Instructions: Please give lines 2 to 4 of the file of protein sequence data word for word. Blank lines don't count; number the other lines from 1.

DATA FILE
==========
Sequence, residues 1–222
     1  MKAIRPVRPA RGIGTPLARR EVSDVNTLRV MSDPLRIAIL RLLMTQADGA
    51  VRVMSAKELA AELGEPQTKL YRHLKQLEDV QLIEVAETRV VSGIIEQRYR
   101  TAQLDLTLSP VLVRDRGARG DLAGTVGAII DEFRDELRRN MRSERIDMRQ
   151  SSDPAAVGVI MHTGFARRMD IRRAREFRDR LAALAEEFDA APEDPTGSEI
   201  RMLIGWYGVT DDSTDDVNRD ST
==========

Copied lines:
     1  MKAIRPVRPA RGIGTPLARR EVSDVNTLRV MSDPLRIAIL RLLMTQADGA
    51  VRVMSAKELA AELGEPQTKL YRHLKQLEDV QLIEVAETRV VSGIIEQRYR
   101  TAQLDLTLSP VLVRDRGARG DLAGTVGAII DEFRDELRRN MRSERIDMRQ